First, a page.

MINNEAPOLIS (WCCO) — They’ve become some of the most visible people in Minnesota’s fight against COVID-19.
American Sign Language interpreters have been delivering real-time information from the front lines.READ MORE: Minnesota Weather: Huge Chunks Of Hail Batter Southeastern Communities; Brush Fire Risk Intensifies Friday
The interpreters you see at the daily press conferences are Deaf themselves. They are being praised for their passionate work on Twitter and beyond.
Real-time information has never been so important, and Nic Zapko is delivering it daily. She communicated in ASL with WCCO via hearing interpreter Patty McCutcheon.
“We are working with Keystone Interpreting to really make this accessible for everyone, and I feel incredibly honored to be delivering the message,” Zapko said.
McCutcheon is also the CEO and co-owner of Keystone Interpreting Solutions.
“Most people don’t think Deaf people have the ability to do anything, they don’t have the ability because they can’t hear,” Zapko said.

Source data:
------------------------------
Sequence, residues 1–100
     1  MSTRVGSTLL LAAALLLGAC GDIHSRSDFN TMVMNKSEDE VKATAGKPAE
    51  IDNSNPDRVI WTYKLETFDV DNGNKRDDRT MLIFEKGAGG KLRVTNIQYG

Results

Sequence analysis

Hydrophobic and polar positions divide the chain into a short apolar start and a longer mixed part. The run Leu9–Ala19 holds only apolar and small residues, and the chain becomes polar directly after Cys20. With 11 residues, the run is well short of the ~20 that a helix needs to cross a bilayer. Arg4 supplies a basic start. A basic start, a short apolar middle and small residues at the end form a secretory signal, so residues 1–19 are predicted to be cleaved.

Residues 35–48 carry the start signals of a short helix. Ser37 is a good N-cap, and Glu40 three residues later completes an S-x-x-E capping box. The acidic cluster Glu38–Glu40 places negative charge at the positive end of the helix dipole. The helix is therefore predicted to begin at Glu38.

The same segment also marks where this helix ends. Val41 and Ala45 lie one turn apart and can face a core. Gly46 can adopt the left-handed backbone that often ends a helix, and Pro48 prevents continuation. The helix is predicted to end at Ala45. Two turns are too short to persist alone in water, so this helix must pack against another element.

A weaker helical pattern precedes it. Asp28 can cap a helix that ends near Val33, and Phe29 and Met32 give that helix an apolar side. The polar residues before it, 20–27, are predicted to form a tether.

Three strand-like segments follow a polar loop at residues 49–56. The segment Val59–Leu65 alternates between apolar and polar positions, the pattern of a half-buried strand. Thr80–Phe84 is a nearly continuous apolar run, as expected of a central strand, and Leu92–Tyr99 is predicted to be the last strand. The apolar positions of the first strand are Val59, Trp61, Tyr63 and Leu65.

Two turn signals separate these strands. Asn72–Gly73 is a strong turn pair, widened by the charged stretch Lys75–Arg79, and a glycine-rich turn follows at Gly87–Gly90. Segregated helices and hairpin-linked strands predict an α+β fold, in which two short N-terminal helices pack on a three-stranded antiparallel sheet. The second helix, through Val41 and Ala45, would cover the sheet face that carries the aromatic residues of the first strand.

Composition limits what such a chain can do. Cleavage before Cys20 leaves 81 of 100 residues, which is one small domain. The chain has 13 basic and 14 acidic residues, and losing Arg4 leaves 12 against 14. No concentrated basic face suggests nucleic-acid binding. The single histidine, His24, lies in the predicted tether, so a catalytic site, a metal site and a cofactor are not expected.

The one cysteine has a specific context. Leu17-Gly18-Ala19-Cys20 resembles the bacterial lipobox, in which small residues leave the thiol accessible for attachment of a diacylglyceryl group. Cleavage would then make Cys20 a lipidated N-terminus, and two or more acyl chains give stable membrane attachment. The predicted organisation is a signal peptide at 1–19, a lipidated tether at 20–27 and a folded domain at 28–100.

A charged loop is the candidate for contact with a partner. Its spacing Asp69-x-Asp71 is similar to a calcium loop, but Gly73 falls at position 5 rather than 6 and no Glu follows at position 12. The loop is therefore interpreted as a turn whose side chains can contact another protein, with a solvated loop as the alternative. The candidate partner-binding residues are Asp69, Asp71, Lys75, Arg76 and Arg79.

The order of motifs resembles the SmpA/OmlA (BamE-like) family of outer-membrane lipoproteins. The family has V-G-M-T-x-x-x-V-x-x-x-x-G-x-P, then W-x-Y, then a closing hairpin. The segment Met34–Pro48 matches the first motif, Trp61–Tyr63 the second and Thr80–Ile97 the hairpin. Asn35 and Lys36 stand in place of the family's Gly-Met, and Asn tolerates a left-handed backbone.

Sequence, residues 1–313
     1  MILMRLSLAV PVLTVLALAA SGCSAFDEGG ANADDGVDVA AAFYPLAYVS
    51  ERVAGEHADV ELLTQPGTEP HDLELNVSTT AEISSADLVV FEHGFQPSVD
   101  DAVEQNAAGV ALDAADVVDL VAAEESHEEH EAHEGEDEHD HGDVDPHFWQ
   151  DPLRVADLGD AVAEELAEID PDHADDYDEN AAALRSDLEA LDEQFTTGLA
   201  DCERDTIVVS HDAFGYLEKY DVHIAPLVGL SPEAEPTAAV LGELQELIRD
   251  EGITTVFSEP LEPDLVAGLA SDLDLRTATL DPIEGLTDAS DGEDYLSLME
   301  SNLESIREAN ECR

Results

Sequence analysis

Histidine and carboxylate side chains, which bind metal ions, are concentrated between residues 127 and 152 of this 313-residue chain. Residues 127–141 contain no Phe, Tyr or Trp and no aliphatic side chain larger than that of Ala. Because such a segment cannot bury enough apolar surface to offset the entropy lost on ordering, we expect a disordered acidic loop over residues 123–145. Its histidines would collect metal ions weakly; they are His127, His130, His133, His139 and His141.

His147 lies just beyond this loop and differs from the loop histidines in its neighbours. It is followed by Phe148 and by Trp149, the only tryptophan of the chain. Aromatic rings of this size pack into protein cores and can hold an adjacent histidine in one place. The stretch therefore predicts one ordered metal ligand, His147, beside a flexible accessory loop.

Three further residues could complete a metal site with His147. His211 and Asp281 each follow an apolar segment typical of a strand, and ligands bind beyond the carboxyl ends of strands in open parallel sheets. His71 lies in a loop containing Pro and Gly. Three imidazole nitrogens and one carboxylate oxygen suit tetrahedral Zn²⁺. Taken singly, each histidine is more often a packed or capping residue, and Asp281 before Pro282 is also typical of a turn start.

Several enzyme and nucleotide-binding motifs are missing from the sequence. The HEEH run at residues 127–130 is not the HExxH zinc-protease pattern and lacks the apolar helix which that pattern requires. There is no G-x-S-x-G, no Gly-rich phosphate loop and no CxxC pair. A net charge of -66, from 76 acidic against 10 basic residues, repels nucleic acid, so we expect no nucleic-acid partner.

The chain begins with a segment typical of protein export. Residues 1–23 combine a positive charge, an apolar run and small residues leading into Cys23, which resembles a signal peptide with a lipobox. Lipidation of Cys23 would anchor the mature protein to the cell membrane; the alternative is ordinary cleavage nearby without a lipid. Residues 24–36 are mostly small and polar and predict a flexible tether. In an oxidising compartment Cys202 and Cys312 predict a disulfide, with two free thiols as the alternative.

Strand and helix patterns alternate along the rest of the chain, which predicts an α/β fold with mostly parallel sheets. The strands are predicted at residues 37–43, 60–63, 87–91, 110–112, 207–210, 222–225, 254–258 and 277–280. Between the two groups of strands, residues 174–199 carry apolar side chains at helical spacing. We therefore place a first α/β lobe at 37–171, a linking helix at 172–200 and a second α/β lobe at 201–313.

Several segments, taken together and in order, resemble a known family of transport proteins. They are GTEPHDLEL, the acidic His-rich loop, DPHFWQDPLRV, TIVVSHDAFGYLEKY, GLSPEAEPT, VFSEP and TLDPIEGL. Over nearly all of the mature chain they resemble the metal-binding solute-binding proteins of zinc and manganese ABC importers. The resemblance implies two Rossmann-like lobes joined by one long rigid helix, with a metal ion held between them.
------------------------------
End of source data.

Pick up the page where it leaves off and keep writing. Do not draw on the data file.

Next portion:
But she and her fellow interpreter JP Beldon, who are both Deaf, are proving that theory wrong daily. They interpret in tandem with hearing interpreters like McCutcheon, who sits in the front row in press conferences and signs to Zapko, who then interprets the message further into ASL to the world.READ MORE: Mpls. City Council President Lisa Bender On Costly Police Misconduct Settlements: 'This Is A Whole System Problem'
There is a growing movement in the field to have Deaf interpreters in the forefront, with hearing interpreters playing a secondary role.
“People all over the country are talking about access and the hard work of these interpreters,” McCutcheon said.
It’s a newer concept for the state of Minnesota, and Zapko believes it’s an immeasurable one.
“For example, my kids are hearing, my wife is hearing. We can all watch together, I don’t have to wait for them to tell me what’s going on,” Zapko said.
Because in a time where information is vital, interpretation is everything.
“The Deaf community in Minnesota is incredibly thrilled, and they are finally able to feel included and feel a part of the state and say we are here, we aren’t separate,” Zapko said.
The Minnesota Commission of the Deaf, Deafblind and Hard of Hearing (MNCDHH) advocated to make the real-time interpreting of the governor’s meetings happen.MORE NEWS: What Are The Hidden Dangers Of Swimming In Open Water?
Minnesota is now known as a leader in providing more access to the Deaf community.